Pentagon urges Americans not to fight Ukraine war after teen’s death

The Pentagon on Friday urged Americans to give up going to Ukraine after the death of one of its citizens who traveled to Eastern Europe to fight Russian forces.

Willy Joseph Cancel, 22, who was apparently murdered on Monday, arrived in Ukraine in mid-March, his mother Rebecca Cabrera told CNN.

“We continue to urge Americans not to travel to Ukraine,” Pentagon spokesman John Kirby told CNN, calling the news “harrowing” and offering his support to the family of the deceased.

“This is an ongoing war zone, (…) it’s not a place where Americans should go,” he reiterated.

Rebecca Crabera said her son “wanted to go there because he believed in what is fighting in Ukraine and wanted to be a part of that to contain[the threat]there and not let it get here.”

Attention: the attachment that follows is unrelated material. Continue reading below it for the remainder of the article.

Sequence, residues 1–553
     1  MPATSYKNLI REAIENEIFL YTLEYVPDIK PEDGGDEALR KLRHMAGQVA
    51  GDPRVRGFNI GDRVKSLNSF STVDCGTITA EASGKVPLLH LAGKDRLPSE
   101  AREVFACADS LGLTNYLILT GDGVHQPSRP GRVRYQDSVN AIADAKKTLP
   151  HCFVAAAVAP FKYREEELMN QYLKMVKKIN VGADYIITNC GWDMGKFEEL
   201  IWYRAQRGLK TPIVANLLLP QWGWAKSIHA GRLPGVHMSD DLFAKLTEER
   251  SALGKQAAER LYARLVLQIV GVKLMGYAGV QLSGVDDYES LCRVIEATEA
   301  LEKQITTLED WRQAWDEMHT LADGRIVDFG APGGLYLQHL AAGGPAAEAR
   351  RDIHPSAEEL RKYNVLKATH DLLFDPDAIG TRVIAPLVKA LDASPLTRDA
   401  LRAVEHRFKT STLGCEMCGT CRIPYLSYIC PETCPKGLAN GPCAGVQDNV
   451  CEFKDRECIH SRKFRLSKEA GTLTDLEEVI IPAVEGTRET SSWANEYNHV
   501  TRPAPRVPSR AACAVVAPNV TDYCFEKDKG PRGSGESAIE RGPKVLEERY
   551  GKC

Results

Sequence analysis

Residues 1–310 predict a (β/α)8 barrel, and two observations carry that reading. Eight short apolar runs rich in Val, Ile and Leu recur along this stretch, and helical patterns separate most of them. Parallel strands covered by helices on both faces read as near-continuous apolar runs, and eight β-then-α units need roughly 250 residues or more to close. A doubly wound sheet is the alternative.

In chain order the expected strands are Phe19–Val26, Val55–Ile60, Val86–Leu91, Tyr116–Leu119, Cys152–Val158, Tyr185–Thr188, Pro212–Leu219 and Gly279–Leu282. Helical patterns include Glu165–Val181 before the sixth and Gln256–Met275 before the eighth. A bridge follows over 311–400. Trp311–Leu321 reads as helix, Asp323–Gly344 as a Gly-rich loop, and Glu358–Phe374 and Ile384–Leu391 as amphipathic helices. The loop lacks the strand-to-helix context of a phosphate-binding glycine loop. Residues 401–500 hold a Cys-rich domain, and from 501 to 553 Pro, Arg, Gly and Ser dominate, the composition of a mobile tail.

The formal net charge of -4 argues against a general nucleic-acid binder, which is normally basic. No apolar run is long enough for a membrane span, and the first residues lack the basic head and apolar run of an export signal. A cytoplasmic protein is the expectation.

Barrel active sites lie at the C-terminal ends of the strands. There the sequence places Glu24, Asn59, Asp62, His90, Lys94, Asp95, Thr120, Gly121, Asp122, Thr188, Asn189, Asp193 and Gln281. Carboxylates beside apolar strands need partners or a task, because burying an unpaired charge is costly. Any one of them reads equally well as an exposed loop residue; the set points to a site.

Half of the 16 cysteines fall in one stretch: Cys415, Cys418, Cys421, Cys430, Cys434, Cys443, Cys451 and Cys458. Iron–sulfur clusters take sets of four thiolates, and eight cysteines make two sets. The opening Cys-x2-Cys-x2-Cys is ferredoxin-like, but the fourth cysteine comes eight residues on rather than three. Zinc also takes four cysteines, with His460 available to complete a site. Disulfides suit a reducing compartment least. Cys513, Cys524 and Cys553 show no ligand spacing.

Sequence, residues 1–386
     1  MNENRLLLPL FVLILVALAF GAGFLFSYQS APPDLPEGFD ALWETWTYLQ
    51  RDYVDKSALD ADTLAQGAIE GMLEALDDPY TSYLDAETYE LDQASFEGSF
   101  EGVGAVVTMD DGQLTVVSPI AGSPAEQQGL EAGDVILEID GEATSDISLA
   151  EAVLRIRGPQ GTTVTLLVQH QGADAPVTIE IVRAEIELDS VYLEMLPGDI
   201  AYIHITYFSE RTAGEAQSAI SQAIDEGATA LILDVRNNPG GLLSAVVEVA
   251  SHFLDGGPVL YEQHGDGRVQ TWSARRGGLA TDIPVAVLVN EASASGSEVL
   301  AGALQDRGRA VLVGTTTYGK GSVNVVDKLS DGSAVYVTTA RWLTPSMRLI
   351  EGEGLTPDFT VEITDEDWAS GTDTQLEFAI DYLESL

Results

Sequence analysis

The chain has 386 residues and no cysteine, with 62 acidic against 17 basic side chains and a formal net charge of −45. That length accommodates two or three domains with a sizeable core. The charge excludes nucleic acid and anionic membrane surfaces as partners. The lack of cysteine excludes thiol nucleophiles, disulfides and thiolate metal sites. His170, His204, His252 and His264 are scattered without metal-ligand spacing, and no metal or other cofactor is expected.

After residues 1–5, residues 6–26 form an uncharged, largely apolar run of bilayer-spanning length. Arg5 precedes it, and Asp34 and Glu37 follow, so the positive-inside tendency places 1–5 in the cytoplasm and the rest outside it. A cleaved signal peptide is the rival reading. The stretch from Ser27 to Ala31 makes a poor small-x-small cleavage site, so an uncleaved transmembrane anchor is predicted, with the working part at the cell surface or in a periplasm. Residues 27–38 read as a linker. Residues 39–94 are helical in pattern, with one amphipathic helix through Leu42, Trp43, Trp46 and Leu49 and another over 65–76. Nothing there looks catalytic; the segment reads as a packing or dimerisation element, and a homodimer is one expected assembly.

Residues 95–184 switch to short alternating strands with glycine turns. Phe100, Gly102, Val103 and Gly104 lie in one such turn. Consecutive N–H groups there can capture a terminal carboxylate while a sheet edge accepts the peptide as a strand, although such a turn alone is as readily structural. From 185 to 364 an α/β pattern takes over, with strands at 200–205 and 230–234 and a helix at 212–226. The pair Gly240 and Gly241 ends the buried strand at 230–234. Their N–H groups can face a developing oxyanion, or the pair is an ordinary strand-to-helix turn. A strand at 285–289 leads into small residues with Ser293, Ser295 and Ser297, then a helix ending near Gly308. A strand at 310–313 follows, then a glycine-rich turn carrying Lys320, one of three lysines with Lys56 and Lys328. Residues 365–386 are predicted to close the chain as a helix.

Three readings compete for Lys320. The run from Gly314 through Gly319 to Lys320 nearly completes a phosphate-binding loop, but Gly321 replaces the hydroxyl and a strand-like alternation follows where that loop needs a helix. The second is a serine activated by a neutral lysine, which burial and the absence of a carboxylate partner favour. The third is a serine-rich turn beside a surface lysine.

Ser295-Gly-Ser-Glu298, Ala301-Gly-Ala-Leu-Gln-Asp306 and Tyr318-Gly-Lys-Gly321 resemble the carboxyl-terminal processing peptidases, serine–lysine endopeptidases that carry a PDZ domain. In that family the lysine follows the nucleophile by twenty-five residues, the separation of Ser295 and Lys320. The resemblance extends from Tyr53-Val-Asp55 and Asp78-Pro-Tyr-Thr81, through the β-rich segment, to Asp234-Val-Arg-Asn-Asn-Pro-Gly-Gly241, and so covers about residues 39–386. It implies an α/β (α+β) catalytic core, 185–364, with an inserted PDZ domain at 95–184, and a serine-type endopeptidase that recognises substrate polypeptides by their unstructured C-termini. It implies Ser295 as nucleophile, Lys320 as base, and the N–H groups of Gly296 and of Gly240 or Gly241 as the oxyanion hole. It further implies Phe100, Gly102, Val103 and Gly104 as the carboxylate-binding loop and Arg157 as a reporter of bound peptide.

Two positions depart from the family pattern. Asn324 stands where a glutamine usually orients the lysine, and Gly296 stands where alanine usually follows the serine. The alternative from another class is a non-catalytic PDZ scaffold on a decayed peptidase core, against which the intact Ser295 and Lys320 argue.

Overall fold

Cancel is survived by his wife and a seven-month-old son, according to the American press. His wife, Brittany, confirmed her husband’s death in a statement sent to various media, in which she highlighted the “value” of Willy Cancel and described him as a “hero”.

A British citizen has also died in Ukraine and another is missing, a spokesman for the British Foreign Ministry confirmed on Thursday.

Both men were fighting as volunteers with the Ukrainian army, according to British media.

Shortly after Russia invaded his country on February 24, Ukrainian President Volodymyr Zelensky called for the formation of an “international legion” of foreign volunteers to help defend Ukraine.

In early March, Ukrainian Foreign Minister Dmitro Kuleba mentioned the number of 20,000 foreign volunteers who had joined forces with his country to fight in the war.

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